INTERNATIONAL REPORT—Airport hotels make sense for travelers—they’re typically close to meeting locations, not too far from attractions, and, of course, in close proximity to airports. Often understood as just a touchpoint for busy business travelers, airport hotels are stepping it up in a big way: think upgraded amenities and tributes to location, giving guests an upscale experience along with convenience.
According to David Marr, SVP/global head, full-service brands, Hilton, the company conducted research, finding that 53% of young professionals (ages 23-35) “love traveling for work” and 39% wouldn’t take a job that didn’t allow them to travel for business.
“While we know this group loves travel, we are continuously learning how they like to travel,” Marr said. “This group is consistently looking for upscale, full-service offerings—whether that’s for an extended stay at a city center location or a quick, one-night stay at an airport hotel.”
The Hilton Nashville Airport incorporated the city’s music scene into the space with The Atrium Bar, designed to resemble a golden banjo. Other hints at culture include the Hilton Tokyo Narita Airport, which features a traditional Japanese bath and sauna.
“Amenities are very important for both business and leisure travelers, whether they want to keep to their regular wellness routine while on the road or soak up some Southern California sun as they lounge by the pool,” said Tom Clearwater, general manager, Hyatt Regency John Wayne Airport Newport Beach in Newport Beach, CA. “Airport hotels will strive to meet these needs if they want to stay in business.”
The Hyatt Regency John Wayne Airport Newport Beach offers organic and locally sourced ingredients for guests, a common request in the coastal area.
Another property taking locale into consideration is the Embassy Suites by Hilton Crystal City National Airport in Arlington, VA, right outside of Washington, DC. The recently renovated hotel introduced 12 Pure Wellness suites, which are nearly 99.9% allergen-free due to an in-room filtration system that removes air particles, reducing allergens for jetlagged guests—common among business travelers.
“This enables us to reposition ourselves as more than an airport hotel, but a hotel with all-encompassing amenities and the convenience of Ronald Reagan Washington National Airport in our backyard,” said David Kasprzyk, general manager, Embassy Suites by Hilton Crystal City National Airport.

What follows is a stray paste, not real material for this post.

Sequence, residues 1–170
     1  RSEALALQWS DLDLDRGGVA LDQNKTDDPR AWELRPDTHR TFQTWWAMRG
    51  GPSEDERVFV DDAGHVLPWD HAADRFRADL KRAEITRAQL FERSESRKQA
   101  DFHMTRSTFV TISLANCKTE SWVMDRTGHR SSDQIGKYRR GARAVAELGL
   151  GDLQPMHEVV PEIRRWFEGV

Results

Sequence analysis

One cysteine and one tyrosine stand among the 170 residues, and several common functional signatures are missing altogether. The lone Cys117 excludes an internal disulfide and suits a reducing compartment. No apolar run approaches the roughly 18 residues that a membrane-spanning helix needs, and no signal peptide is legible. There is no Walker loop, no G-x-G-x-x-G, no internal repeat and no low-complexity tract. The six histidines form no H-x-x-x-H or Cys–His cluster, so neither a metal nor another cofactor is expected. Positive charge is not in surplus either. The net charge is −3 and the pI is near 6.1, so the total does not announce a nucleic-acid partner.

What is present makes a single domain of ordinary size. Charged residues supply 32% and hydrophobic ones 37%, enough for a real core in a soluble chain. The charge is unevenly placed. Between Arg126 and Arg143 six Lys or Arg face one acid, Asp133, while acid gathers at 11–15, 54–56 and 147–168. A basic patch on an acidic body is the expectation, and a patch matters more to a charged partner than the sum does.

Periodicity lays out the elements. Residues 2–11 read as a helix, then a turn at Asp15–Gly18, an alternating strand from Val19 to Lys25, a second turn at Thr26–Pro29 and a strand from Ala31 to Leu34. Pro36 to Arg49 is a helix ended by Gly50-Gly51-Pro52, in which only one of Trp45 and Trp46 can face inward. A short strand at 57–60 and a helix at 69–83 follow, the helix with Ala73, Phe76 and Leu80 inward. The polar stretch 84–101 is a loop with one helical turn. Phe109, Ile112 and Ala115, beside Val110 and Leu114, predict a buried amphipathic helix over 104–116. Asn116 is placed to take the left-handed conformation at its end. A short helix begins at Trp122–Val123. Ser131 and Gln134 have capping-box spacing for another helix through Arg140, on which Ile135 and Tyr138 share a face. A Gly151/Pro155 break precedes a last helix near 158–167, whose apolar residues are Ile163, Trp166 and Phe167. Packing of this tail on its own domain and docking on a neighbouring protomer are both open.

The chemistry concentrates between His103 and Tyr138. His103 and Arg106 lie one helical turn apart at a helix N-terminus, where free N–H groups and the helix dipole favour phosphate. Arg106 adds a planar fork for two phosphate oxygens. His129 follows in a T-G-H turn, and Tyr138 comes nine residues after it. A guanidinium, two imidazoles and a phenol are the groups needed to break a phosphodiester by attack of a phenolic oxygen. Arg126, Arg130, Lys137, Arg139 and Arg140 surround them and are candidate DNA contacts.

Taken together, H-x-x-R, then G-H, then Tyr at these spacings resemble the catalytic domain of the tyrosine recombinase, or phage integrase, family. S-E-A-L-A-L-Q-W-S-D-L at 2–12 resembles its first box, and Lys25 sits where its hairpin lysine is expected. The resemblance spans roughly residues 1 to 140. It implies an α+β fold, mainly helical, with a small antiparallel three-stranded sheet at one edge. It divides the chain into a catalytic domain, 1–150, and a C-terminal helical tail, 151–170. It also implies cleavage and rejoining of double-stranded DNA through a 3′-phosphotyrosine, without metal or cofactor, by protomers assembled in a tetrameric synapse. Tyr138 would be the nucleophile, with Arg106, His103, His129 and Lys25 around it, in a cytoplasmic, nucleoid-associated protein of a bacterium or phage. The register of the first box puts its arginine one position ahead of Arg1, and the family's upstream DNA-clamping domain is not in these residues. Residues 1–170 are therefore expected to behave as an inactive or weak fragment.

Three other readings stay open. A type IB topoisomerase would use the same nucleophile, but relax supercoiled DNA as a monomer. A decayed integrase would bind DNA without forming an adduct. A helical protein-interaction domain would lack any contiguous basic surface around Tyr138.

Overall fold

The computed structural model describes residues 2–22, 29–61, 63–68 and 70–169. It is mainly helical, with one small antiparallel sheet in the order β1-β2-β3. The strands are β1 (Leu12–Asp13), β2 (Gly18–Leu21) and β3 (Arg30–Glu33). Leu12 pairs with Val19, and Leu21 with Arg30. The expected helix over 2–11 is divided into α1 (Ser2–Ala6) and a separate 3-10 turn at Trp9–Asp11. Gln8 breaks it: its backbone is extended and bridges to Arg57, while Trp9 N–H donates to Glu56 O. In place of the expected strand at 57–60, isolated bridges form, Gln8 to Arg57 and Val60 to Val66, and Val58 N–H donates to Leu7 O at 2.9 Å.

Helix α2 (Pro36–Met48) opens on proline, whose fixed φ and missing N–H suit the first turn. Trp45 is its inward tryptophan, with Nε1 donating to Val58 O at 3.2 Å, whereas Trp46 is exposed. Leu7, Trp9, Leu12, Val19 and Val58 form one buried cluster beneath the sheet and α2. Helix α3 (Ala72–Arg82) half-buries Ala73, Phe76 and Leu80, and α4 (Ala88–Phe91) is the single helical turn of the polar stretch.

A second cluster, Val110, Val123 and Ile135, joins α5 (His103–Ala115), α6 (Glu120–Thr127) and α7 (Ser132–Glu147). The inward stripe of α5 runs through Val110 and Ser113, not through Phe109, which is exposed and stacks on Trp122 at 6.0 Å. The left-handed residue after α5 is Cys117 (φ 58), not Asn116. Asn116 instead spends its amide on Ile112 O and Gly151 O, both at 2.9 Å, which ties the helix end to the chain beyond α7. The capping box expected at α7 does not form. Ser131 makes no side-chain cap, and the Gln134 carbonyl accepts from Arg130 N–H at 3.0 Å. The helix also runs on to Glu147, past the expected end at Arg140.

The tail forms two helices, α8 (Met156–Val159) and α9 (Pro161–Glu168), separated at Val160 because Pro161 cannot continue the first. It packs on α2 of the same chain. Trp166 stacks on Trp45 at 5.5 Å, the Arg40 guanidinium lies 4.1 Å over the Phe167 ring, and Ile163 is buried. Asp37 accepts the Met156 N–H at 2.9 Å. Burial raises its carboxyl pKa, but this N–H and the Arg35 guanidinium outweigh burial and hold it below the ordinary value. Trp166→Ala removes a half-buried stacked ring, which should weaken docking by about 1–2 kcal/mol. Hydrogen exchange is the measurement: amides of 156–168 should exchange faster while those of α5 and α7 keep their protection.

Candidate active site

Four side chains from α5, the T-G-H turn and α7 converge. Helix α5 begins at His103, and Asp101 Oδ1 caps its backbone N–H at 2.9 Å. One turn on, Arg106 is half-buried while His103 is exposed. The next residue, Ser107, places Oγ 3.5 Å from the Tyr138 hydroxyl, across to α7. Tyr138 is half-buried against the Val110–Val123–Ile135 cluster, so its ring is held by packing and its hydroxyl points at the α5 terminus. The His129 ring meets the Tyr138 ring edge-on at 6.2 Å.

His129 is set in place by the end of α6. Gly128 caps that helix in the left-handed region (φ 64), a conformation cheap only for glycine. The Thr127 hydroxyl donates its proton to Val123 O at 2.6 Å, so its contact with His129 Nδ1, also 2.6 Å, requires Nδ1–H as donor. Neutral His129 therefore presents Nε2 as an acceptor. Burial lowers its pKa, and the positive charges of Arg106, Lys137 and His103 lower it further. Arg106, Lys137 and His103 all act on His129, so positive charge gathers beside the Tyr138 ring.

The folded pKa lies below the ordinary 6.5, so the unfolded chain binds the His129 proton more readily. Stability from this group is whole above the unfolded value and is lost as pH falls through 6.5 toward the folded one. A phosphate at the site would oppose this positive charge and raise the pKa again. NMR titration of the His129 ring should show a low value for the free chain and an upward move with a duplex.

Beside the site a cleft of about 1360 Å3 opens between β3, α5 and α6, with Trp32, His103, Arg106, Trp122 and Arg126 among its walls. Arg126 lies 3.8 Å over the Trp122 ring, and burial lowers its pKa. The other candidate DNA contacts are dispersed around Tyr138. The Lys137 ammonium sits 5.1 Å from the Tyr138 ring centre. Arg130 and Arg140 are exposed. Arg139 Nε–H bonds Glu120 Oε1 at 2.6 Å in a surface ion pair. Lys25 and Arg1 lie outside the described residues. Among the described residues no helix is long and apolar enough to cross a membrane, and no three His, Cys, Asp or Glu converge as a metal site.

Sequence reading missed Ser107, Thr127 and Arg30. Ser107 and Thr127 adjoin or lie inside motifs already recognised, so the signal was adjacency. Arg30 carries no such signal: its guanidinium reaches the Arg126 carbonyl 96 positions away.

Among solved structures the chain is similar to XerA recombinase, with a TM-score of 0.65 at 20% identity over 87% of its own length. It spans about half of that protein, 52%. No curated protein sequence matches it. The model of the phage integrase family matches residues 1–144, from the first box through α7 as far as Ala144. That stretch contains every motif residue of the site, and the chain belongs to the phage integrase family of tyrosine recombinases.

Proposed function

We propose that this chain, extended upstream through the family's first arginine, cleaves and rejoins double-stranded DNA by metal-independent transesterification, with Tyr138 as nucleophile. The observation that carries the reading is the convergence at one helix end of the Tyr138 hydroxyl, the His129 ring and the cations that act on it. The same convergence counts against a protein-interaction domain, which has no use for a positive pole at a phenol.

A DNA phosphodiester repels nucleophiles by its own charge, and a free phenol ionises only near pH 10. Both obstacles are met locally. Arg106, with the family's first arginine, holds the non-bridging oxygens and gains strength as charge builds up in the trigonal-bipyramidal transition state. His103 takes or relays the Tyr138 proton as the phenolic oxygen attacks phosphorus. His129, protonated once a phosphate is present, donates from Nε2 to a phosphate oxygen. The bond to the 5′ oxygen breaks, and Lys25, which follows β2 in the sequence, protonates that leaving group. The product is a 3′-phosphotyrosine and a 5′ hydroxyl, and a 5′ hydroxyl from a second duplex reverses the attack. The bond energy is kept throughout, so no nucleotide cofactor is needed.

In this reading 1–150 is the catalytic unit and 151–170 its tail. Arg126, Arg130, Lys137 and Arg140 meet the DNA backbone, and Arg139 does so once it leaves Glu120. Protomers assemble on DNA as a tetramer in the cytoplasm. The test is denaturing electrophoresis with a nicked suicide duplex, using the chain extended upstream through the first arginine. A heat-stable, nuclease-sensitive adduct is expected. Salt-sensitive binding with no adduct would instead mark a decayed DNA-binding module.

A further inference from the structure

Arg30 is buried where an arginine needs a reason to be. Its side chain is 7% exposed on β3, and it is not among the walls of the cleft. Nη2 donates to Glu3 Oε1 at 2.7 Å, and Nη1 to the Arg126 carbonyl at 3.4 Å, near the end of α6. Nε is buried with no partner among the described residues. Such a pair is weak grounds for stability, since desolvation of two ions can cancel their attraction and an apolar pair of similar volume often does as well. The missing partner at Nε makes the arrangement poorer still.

It’s not surprising that the convenience factor is an attraction for business travelers, but this group is looking for more and more within the leisure realm, with access to downtown hot spots and on-site amenities like spas and multiple dining venues.
Abroad, the Hilton Amsterdam Airport Schiphol in the Netherlands is catering to these needs with a 141-ft.-tall atrium with an open lobby concept that houses “islands” of space and offers business travelers places to work, relax or a combination of both, Marr said.
He continued, “This hotel was specifically crafted for the business traveler who wants to grab a drink, catch up on work and unwind all in the same spot.”
Abroad locations, specifically, are drawing travelers in, and major international airports are becoming destinations in their own right with modern architecture, shopping, dining and other business and leisure attractions, Marr said.
Indeed, more and more business travelers are extending their work trips an extra day or two to enjoy hotel amenities. “Whether it’s flying in a day early to explore the city or staying a day later to enjoy rejuvenating wellness offerings or innovative dining options, almost 70% of the next generation of business travelers want to extend their business trips for leisure,” Marr said.
Because trip extensions aren’t always an option, Hilton has had to think outside of the box a bit to still fulfill their needs for an enhanced experience with customizable options.
“This includes upscale dining venues with flexible hours and public spaces that allow guests to work in a social environment while also having the option for semi-private spaces to take phone calls if needed,” Marr said.
For the Hyatt Regency John Wayne Airport Newport Beach, on-site options include grab-and-go offerings, enhanced common areas for working in shared spaces—especially popular with millennials—and intuitive guestroom technology, Clearwater said. Additionally, the hotel has 28,000 sq. ft. of indoor/outdoor venues—a feature that serves the needs of both business and leisure travelers, offering enough room and options for meetings or larger social events.
“I think airport hotels will continue to evolve to meet the needs of both business and leisure travelers, as well as companies and groups looking for high-quality event space at a palatable price,” Clearwater said.
Hotels will need to evolve as the lines between business and leisure travelers become blurred—but still with some distinctions—especially when it comes to airport accommodations.
“Guest feedback and expectations continue to have a direct impact on all of our innovations surrounding the entire guest experience from booking to checkout—regardless of the type of hotel,” Marr said. “But especially with business travel on the rise, guests are no longer looking to airport hotels to only offer a last-minute solution to travel mishaps.” HB